Yesterday, Secretary of Education Betsy DeVos wrote a letter in which she slammed the media, members of Congress, and everyone else for supposedly lying about her desire to eliminate federal funding for the Special Olympics—right before admitting that she wants to eliminate funding for the Special Olympics.
Today, following a Senate hearing in which she faced fierce criticism from Democrats over her proposal to eliminate the funding, DeVos didn’t have a whole lot to say when CNN reporter Ryan Nobles caught up with her. In fact, she had literally nothing to say, staying totally silent for minutes as he asked her questions.
It’s easy to see why DeVos is so silent on this one, as even congressional Republicans are distancing themselves from her. On Thursday, House Minority Leader Kevin McCarthy said that he opposed the cuts.
Additionally, Michigan GOP Rep. Paul Mitchell wrote to the House Appropriations Committee on Thursday, urging the committee to maintain funding levels for the Special Olympics:
While McCarthy ultimately won’t have a ton of sway over this year’s budget, given that House Republicans are in the minority, the request has also run into opposition from Republicans in the Senate. Missouri Sen. Roy Blunt, who chairs the Senate Appropriations subcommittee which deals with the Department of Education, immediately came out in opposition to the proposal yesterday, and reiterated his opposition in prepared remarks before a Senate hearing featuring testimony from DeVos today:
Further, while some small, targeted grant programs may not have widespread impacts simply because of their size, they can be life-changing for the students and families they touch and build the evidence-base for states and school districts to fund such activities. For example, I have seen Special Olympics athletes compete in Missouri and in the World Games. The limited funding this subcommittee provides for Special Olympics leverages private resources to help schools implement comprehensive policies to transform school climates and ensure that students with disabilities are fully welcomed and included in student-life. This funding has directly impacted the lives of thousands of students both with and without intellectual disabilities. It also provides a model for other schools and districts to support this kind of work without direct federal funding.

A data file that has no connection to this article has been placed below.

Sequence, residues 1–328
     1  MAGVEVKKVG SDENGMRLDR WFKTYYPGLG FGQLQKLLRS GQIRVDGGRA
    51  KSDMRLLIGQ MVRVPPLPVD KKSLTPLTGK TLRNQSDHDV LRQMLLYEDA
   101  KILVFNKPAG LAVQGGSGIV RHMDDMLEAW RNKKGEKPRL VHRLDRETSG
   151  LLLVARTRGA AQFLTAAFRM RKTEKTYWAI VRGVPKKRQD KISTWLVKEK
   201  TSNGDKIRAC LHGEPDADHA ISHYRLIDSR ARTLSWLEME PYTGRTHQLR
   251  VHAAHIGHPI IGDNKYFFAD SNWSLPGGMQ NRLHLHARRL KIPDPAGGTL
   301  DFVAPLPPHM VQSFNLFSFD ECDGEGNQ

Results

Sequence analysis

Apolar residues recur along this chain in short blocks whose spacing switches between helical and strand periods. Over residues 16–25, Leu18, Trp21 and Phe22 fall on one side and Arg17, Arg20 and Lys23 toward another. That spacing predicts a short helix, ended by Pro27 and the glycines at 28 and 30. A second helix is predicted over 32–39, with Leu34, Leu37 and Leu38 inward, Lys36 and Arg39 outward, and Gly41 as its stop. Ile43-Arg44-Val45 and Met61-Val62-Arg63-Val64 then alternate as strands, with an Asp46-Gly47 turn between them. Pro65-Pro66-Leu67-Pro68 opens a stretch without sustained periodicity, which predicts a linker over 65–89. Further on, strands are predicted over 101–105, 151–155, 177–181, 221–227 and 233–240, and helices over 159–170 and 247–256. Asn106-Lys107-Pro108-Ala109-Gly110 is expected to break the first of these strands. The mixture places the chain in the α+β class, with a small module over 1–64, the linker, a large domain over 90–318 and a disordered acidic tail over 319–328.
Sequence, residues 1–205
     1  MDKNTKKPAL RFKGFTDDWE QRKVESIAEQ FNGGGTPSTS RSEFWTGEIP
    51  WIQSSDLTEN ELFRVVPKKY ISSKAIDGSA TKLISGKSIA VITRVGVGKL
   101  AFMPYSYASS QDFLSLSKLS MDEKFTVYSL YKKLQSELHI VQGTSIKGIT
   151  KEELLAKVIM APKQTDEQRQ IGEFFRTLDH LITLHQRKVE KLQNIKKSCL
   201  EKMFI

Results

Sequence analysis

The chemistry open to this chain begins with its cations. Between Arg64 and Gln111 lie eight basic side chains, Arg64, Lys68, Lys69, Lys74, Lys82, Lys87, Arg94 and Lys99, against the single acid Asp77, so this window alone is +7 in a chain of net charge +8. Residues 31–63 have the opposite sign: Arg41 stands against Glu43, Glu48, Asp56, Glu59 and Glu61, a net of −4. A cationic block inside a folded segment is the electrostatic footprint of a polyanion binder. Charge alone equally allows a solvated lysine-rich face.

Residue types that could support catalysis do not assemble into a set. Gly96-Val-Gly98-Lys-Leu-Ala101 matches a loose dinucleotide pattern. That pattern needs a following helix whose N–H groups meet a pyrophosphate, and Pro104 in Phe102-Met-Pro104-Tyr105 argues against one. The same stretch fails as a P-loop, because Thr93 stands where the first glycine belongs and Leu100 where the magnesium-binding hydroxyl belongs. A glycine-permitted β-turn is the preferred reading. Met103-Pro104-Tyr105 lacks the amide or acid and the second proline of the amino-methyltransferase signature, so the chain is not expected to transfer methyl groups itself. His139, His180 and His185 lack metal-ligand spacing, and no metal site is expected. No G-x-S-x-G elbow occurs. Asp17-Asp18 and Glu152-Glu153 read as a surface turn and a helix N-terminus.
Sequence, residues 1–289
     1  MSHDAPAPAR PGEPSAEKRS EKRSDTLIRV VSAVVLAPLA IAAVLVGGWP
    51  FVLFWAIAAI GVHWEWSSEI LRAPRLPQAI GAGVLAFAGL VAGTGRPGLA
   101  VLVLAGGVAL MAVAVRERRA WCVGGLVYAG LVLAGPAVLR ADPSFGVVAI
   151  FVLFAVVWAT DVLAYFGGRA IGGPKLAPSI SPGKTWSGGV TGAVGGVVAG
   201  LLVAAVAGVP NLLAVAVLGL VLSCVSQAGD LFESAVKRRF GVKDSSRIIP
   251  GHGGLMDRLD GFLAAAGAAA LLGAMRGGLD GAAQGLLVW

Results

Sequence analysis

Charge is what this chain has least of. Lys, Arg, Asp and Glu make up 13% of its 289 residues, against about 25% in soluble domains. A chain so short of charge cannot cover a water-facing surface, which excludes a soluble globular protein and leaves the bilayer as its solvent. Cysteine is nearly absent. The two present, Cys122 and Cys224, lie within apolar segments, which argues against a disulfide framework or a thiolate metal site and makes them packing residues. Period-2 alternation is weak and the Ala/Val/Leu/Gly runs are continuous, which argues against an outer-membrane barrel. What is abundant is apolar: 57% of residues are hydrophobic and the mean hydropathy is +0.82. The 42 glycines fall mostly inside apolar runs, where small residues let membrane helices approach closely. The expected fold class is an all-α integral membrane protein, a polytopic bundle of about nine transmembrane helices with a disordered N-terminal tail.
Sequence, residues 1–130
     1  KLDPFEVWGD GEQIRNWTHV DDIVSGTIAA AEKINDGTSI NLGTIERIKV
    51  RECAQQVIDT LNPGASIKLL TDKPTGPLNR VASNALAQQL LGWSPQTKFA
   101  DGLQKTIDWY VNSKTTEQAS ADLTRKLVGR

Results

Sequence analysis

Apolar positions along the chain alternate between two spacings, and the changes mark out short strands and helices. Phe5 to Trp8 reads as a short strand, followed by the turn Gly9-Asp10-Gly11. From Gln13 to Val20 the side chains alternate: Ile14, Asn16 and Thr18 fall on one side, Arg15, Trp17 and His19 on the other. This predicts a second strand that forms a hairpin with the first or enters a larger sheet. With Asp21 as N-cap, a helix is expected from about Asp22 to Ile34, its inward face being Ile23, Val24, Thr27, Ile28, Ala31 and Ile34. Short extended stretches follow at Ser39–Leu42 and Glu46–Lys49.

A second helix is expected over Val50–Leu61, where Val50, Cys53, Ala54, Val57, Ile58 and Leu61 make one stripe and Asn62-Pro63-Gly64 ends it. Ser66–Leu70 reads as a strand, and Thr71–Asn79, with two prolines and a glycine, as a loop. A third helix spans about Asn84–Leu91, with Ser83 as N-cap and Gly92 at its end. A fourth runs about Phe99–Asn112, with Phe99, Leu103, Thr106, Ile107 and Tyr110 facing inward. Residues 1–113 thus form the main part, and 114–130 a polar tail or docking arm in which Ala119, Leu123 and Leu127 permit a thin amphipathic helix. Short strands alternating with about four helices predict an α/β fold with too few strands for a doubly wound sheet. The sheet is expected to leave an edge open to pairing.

When you’ve reached a line that even the ghouls in the GOP won’t cross, it’s time to reassess some things.
With the proposal all but dead, it looks like congressional Republicans saved the Trump administration from itself this time. Still, Senate Democrats teed off on DeVos on Thursday for the decision—one which DeVos denied being “personally involved” in.
“Whoever came up with that idea at OMB gets a Special Olympics gold medal for insensitivity,” Sen. Dick Durbin told DeVos.